Ideal City – Invisible Cities


The "ideal city" has been an integral aspect of societal utopias since the period of early modernism. During the 20th century, however, the concept was discredited because of its totalitarian or authoritarian character. In light of the current discussions regarding the development of urban spaces, this exhibition project will re-examine the topic of ideal cities. A group of international artists has been commissioned to produce works of art based on the historical plans and the current urban situation of two cities which were designed on a drawing board - Potsdam, Germany and Zamosc, Poland.

An excerpt from the project's press release:
On June 18, forty-one international artists will address the concept of the "ideal city" and its counterpart, the "invisible city". The Polish city of Zamosc, an extraordinary architectural pearl of the late Renaissance, is situated close to the Ukrainian border between Lublin and Lvov (Lemberg). Artists from twelve European and six non-European nations will display their works in this small city which has been spared the destruction of war since its founding at the end of the 16th century. All of the pieces will examine the traces of this once multicultural society with its orthodox churches, cathedral, synagogue and the so-called Armenian Houses on the Great Market Square. Very few ideal cities have ever been built or even partially built. The planned cities that were based on societal utopias rarely left the drawing boards. Conceived by the Crown Chancellor Jan Zamoyski, Zamosc was built between 1580 and 1605 under the supervision of the Italian master builder Bernardo Morando. UNESCO added Zamosc to its World Cultural Heritage List in 1992, citing it as one of the few ideal cities ever built.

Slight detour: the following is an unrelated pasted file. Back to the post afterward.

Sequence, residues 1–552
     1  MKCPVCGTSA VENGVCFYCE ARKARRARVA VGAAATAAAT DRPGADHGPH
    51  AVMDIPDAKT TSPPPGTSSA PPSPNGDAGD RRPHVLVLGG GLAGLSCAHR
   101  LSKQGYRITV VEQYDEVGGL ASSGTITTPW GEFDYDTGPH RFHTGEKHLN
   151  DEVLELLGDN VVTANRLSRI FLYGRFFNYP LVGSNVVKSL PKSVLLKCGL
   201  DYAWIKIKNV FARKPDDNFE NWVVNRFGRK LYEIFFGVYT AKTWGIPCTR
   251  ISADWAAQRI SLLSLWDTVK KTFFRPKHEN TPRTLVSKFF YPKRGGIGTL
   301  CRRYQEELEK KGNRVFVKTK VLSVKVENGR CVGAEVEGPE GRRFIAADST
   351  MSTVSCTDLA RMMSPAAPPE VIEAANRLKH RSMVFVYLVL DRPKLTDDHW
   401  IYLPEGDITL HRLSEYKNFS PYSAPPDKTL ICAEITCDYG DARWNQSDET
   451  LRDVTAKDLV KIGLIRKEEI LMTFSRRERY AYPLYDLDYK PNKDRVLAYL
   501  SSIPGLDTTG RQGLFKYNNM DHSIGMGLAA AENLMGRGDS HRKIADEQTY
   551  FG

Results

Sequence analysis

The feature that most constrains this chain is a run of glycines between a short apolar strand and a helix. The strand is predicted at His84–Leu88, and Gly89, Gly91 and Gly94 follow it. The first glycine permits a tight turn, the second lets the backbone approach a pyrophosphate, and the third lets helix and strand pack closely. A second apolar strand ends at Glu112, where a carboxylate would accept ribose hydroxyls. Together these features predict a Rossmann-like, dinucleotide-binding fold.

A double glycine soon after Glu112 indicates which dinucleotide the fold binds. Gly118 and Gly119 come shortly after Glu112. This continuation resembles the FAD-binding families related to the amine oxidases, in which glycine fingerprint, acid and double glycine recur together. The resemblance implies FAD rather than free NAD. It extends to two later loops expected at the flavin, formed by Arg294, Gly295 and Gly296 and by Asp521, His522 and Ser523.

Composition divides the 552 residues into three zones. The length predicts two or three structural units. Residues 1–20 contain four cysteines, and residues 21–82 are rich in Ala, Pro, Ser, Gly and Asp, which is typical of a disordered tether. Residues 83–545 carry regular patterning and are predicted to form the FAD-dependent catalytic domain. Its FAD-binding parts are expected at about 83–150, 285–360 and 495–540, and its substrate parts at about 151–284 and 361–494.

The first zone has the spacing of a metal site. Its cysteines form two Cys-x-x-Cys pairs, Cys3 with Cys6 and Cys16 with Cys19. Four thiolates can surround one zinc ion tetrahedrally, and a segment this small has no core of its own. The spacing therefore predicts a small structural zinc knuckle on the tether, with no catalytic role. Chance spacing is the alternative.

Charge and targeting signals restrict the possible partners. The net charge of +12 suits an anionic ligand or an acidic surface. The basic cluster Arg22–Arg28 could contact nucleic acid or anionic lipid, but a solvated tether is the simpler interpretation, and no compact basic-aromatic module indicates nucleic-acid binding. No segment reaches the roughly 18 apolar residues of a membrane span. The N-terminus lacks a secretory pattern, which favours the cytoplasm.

All the artists have incorporated the local architecture of public places, buildings, and hidden courtyards into their artworks. Lawrence Weiner (USA) has encircled the arcades of the Great Market Square with one of his word sculptures. Monika Sosnowska has constructed a fountain, while Miroslaw Balka recalls the deep wounds left behind by World War II. Daniela Brahm, Colin Ardley and Kai Schiemenz provide new definitions for squares and public places. Franka Hörnschemeyer's installation plays on the city's clearly defined layout. Jakob Kolding's poster project examines the functional aspect of city planning and Les Schliesser has established a museum for a fictitious architect born in Zamosc. Lucas Lenglet has designed and constructed a columbarium, a dovecote, in one of the city's courtyards, and Colin Ardley has built a pyramid on the Great Market Square. Craigie Horsfield, who photographed the city back in the 1970s, has created a sound installation for Zamosc. Sol LeWitt has placed his sculpture in front of the former Jewish synagogue, while David Tremlett's wall drawings are exhibited in the cartouches inside. In the adjacent side rooms of the synagogue, Katarzyna Jozefowicz and Pedro Cabrita Reis have generated an artistic dialogue with their structuralist works. At the Zamosc Museum of History, Tilman Wendland's documentation examines the ideal cities of modern times designed by Le Corbusier, Oscar Niemeyer and Hansen. Jaroslaw Flicinski's large-format wall drawing livens up the former "Zamoyski Academy" which is now the city's high school. The Greek artist George Hadjimichalis has installed his "Workshop of Projects and Images in Crisis" in the gymnasium inside.

Artistic directors: Sabrina van der Ley, Markus Richter

Participating artists: Miroslaw Balka (PL), Pedro Cabrita Reis Balka(P), Le Corbusier (CH), Tacita Dean (GB), Jaroslaw Fliciñski (PL), Rula Halawani (IL), Matthias Müller, Daniel Roth, Melanie Smith (GB/MEX), Lawrence Welner (USA) and others

Venues and schedule:
Potsdam, 8 September - mid October 2006
Zamosc, 16 June - end of August 2006


European Art Projects GmbH

Messedamm 27

14055 Berlin